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How to Disable Automatic Updates in WordPress

How to Disable Automatic Updates in WordPress

The WordPress 5.5 update has, among other things, introduced an important security feature and quality of life change. The option to enable automatic updates in WordPress directly from your admin dashboard. Despite being useful to most WordPress users, this feature comes with several downsides, as well.

In this article, we will start by discussing the pros and cons of enabling WordPress automatic updates. Then, we will guide you through the steps for disabling it on various parts of your website. Those include WordPress core files, plugins, themes, or translation files if you choose to use them. Once you have all the relevant information, you will be able to decide whether to disable automatic updates and for which parts of your website you might want to do so. With that being said, let’s proceed.

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Pros and cons of automatic updates in WordPress

When it comes to whether or not you should disable automatic updates in WordPress, there is no right answer. The choice needs to be made on a case by case basis, taking into account all the pros and cons. Some of the factors that play a role in making that decision are the level of your WordPress understanding, the possibility of regular backups, the availability of a staging domain for update testing, and troubleshooting skills.

Automatic updates are great for users who may forget to update their website, are away from their computers, or don’t have the time to manually update it. If you are a webmaster of multiple websites, automatic updates will save you a lot of time. Moreover, if the updates provide some bug fixes or resolve any previous security vulnerabilities, having the website updated as early as possible can be a great benefit.

Conversely, disabling auto-updates and performing them manually could be quite time-consuming and even stressful for less experienced WordPress users. However, if you modified the template files of your theme or some plugins, those changes will disappear after the respective theme or plugin auto-updates since the files will get overridden. To avoid such issues, we suggest either using a child theme or a site-specific plugin for adding code modifications.

However, the biggest issue that could arise from automatic updates is that they could break your website. Even though this is very rarely the case, you must be aware that the risk exists, especially with major updates. If this happens, it is likely due to some incompatibilities between the code of your plugins and themes, WordPress Core, and your code modifications. In these cases, being able to restore your website using a backup is essential.

If you experienced issues after a plugin or a theme update, you should contact the developers behind that plugin or theme for help. Apart from that, you could set up a staging website where you would test the updates before applying them on the actual live website.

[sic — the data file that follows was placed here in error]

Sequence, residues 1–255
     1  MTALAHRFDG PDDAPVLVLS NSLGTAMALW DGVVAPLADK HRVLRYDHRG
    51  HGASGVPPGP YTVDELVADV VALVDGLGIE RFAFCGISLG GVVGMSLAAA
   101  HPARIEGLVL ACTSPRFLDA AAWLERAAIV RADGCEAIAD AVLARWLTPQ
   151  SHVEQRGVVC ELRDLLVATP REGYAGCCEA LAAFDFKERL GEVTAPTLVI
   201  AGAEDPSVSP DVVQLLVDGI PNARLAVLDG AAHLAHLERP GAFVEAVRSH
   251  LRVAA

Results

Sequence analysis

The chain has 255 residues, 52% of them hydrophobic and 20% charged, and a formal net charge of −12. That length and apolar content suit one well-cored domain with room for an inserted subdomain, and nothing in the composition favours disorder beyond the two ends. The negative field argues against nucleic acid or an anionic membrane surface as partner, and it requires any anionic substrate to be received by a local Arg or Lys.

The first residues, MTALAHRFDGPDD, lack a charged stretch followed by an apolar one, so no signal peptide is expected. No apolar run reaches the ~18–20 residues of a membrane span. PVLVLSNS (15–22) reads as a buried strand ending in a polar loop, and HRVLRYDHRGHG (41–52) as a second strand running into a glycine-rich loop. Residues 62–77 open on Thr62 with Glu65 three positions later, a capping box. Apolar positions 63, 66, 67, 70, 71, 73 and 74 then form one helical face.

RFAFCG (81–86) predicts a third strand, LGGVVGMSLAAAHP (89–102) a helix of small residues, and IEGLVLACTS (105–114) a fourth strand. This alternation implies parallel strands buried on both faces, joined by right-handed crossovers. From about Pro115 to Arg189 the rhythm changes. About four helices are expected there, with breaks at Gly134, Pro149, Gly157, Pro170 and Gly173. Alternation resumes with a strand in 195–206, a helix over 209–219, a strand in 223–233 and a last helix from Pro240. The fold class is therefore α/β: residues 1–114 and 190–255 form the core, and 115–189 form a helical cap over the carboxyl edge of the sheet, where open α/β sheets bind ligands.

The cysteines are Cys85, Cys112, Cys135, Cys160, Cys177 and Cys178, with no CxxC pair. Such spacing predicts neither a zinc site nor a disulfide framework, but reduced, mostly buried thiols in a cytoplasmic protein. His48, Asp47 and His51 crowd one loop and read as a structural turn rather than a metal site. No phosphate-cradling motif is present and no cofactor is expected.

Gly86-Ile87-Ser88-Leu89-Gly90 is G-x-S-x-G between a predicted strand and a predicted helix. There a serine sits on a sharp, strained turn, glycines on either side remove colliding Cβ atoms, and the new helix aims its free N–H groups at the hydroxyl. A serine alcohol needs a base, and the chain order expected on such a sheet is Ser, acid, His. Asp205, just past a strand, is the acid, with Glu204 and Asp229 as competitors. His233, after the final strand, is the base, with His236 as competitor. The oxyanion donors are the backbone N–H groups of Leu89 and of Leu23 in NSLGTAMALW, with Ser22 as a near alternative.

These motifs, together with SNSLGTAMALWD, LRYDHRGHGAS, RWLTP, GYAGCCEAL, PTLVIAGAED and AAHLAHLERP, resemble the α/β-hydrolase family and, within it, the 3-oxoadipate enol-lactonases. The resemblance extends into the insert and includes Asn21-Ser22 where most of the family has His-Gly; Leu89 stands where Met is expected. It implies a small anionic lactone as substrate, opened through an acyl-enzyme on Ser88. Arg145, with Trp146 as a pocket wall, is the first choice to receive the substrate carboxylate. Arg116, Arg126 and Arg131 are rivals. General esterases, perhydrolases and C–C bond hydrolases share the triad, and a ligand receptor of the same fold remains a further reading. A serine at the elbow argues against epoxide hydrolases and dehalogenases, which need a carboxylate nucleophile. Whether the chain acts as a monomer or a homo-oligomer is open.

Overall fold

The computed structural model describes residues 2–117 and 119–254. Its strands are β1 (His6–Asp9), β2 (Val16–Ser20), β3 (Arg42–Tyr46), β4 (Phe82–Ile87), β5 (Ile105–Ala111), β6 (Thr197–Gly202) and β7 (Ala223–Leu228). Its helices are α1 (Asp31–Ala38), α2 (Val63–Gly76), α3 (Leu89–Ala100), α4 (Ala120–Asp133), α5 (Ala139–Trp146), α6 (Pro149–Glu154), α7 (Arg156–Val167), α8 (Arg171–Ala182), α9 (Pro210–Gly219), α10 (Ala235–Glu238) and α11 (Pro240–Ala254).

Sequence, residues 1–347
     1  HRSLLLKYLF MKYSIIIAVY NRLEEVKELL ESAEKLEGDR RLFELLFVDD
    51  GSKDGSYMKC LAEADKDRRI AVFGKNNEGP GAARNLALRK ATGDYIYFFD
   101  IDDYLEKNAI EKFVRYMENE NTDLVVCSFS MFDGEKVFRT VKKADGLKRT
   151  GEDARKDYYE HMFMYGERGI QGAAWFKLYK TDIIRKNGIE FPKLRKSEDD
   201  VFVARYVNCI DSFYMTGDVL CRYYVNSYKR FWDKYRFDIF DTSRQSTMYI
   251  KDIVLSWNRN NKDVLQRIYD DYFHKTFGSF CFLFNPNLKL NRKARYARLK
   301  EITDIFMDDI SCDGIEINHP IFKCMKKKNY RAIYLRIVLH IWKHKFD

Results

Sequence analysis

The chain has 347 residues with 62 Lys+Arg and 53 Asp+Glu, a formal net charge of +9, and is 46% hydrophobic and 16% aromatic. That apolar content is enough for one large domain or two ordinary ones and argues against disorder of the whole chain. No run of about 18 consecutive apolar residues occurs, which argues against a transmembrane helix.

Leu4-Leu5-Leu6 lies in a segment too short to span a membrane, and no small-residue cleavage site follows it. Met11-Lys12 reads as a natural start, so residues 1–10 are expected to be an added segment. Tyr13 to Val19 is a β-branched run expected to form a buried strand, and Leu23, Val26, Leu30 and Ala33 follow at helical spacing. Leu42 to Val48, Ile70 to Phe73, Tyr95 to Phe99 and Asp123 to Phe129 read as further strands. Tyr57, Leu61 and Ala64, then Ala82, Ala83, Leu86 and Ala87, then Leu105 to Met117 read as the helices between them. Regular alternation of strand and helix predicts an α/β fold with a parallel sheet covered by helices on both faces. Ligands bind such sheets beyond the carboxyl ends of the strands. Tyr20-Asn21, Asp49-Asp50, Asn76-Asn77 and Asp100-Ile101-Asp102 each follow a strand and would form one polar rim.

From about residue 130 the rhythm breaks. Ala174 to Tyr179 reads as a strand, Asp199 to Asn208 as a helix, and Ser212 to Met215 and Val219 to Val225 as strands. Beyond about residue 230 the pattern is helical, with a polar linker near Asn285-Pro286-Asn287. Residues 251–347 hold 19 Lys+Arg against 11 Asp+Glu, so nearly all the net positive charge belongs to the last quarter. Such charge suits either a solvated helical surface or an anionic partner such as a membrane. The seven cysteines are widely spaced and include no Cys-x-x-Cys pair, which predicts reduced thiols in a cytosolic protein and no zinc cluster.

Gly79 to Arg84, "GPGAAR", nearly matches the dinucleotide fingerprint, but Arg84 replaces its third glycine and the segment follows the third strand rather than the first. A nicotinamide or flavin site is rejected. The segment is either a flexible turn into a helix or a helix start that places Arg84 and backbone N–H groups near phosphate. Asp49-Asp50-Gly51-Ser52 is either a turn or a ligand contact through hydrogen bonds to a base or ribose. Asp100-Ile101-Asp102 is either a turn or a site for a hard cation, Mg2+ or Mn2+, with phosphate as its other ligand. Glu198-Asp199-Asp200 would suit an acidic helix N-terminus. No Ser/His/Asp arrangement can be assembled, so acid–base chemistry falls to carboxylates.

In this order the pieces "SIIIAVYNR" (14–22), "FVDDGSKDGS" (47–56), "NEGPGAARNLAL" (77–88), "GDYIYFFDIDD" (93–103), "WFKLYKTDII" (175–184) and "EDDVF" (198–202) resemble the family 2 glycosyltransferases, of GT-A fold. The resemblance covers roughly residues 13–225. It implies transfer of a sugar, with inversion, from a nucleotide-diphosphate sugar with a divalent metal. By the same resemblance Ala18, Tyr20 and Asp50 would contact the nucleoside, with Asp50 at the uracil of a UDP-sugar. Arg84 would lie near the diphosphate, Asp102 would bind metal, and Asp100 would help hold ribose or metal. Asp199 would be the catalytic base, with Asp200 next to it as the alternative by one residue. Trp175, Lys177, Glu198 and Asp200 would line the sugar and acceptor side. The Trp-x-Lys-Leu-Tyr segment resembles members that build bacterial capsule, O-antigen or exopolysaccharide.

How to disable automatic updates in WordPress

After examining the pros and cons of disabling automatic updates, we come to the how-to part of this article. As is usually the case with anything you want to do in WordPress, you can accomplish your goal using a plugin or using custom code. Below, we will show you both those methods for disabling the automatic updates.

Using a plugin

Using a WordPress plugin is, most often, the easier and safer method of adding or removing a feature on your website. It is perfect for people that don’t feel comfortable adding code and don’t mind an additional plugin. Thanks to the multitude of available WordPress plugins, you will be able to easily find a plugin that handles updates in WordPress, whether they are automated or not. A plugin we found quite useful for this purpose is the Easy Updates Manager.

The Easy Updates Manager plugin is light-weight and can handle all updates for regular and multisite installations. With it, you can disable all updates or fully automate them. Additionally, you can choose which plugins or themes get automatically updated and configure translation updates or email notifications regarding WordPress Core updates.

You can see what was updated and when using the Logs tab that the plugin provides. Therefore, even if your website were to break, you would be able to figure out which update caused it and go back to a previous version using a backup. This is made possible because this plugin, even with its free version, integrates well with UpdraftPlus, which is one of the most popular backup plugins. And if you opt for the premium version of the Easy Updates Manager plugin, you’ll get features such as safe mode, scheduled automatic updates, delayed updates, auto-backups before updates thanks to UpdraftPlus, import/export settings, email notifications of pending updates, version control protection, and many more.